This Volume, specially prepared for the use of students at an early period of their study of English Heraldry, commends itself also to those inquirers who may desire to obtain some general information on the same subject, without having any intention to devote to Heraldry much either of their time or of their serious regard.
The success, no less extraordinary than gratifying, of my larger work on Heraldry, led me to hope that a not less favourable reception might be extended to a simpler and much shorter essay, more decidedly elementary in its aim and character, and yet as far as possible within its limits complete. Such a treatise I have endeavoured to produce in this Volume.
Inseparably associated with the History of our Country, and more particularly when our national History becomes the Biography of eminent Englishmen, English Heraldry has the strongest claims upon the attention not only of all Historians, but also of all who desire to become familiar with their writings. In like manner, Heraldry may be studied with no less of advantage than of satisfaction by all Artists, whether Architects, Sculptors, Painters, or Engravers. Nor is it too much to assert that some knowledge of Heraldry, in consequence of its singular and comprehensive utility, ought to be estimated as a necessary element of a liberal education. In confirmation of my own views, I am tempted to quote the following passage from M. Gourdon de Genouillac’s introduction to his excellent “Grammaire Héraldique,” published at Paris:—“Le blason,” says M. de Genouillac, “est une langue qui s’est conservée dans sa pureté primitive depuis les siècles, langue dont la connaissance, est indispensable aux familles nobles, qui y trouvent un signe d’alliance ou de reconnaissance, aux numismates, aux antiquaires, aux archéologues, enfin à tous les artistes, gens de lettres, &c.; cependant cette langue est presque inconnue, et la plupart des personnes qui possedent le droit de porter des armoiries seraient fort en peine de les expliquer selon les termes techniques!” Heraldry, indeed, I believe to be a study worthy to be universally regarded with affectionate respect, as it certainly is eminently qualified to inspire such a sentiment in every class of student.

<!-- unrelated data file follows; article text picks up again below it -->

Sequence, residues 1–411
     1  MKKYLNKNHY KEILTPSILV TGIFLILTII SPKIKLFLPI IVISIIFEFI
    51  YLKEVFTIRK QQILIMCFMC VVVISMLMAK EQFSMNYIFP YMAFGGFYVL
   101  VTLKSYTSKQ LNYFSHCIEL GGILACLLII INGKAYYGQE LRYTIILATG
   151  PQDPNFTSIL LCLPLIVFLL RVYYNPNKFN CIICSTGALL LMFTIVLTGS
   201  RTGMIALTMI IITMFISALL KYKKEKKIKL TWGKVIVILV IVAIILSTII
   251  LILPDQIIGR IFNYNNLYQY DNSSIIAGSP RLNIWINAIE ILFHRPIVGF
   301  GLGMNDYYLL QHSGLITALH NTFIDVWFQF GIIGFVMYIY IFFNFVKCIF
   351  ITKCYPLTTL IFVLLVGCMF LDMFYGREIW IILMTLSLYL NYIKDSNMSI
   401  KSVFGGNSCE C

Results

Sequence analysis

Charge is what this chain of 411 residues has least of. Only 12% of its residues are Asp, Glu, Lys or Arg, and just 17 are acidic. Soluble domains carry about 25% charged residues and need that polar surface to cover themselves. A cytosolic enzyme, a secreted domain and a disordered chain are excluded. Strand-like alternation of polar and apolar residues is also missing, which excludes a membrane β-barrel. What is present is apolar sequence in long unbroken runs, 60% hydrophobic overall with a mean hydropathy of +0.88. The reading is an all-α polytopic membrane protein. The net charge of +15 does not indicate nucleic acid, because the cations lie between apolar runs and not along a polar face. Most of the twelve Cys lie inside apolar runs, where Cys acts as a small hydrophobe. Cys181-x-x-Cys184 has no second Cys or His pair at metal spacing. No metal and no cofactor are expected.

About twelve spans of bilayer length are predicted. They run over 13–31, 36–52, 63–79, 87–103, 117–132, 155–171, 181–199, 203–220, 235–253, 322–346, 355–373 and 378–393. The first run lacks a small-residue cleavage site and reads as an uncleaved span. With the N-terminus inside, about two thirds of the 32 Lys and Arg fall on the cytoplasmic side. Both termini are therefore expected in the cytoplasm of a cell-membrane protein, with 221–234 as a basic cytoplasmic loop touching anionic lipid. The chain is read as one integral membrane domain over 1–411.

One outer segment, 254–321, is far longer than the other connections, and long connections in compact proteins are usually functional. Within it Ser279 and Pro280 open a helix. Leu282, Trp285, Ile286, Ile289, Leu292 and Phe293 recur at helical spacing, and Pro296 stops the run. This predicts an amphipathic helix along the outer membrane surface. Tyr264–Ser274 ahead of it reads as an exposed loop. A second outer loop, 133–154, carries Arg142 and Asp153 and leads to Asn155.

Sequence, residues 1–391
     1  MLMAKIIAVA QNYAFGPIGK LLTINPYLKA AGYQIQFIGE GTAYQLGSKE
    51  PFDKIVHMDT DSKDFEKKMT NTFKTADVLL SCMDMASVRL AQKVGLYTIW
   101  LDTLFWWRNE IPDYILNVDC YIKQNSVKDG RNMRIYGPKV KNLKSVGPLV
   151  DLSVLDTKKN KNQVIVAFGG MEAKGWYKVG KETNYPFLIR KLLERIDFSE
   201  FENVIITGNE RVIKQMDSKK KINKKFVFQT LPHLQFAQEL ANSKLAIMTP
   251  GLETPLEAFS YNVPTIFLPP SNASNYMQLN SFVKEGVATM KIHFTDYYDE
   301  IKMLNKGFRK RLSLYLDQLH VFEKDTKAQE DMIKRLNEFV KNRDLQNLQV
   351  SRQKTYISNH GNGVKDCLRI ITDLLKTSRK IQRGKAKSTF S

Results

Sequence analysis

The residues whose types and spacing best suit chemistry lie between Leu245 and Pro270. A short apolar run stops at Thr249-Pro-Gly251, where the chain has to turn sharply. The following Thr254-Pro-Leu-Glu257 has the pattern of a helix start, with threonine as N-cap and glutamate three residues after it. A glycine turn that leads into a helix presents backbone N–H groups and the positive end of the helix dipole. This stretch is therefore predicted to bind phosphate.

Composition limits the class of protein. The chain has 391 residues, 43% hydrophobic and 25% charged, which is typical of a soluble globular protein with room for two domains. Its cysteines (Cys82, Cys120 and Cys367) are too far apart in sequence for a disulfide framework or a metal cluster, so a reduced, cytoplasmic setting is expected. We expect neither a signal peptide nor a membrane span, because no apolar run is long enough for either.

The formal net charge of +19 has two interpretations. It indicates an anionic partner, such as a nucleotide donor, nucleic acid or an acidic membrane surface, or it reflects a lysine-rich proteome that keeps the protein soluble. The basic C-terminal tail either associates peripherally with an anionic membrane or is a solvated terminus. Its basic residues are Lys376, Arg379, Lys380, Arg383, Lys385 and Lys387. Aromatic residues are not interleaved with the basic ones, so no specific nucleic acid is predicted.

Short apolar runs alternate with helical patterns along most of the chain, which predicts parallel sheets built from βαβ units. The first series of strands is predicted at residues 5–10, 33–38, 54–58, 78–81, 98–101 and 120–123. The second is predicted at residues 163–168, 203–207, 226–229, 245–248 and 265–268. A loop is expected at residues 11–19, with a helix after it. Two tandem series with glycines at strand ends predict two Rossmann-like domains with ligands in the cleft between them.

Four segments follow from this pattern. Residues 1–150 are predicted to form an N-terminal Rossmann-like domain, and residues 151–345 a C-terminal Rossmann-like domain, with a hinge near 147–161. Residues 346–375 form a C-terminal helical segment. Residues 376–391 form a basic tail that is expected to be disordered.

In this spirit I have here treated the elements of the Heraldry of England, confident that, of those who may accompany me as far as I shall lead them, very many will not be content to stop where I shall take leave of them. Thus much I promise my companions—I will be to them a faithful guide. They may trust to my accuracy. I have made no statement, have adduced no example, nor have I exhibited any illustration, except upon authority. I myself like and admire what is real and true in Heraldry; and it is by the attractiveness of truth and reality that I desire to win for Heraldry fresh friends, and to secure for it firm friendships.
It will be understood that from the authority, the practice, and the associations of the early Heraldry of the best and most artistic eras, I seek to derive a Heraldry which we may rightly consider to be our own, and which we may transmit with honour to our successors....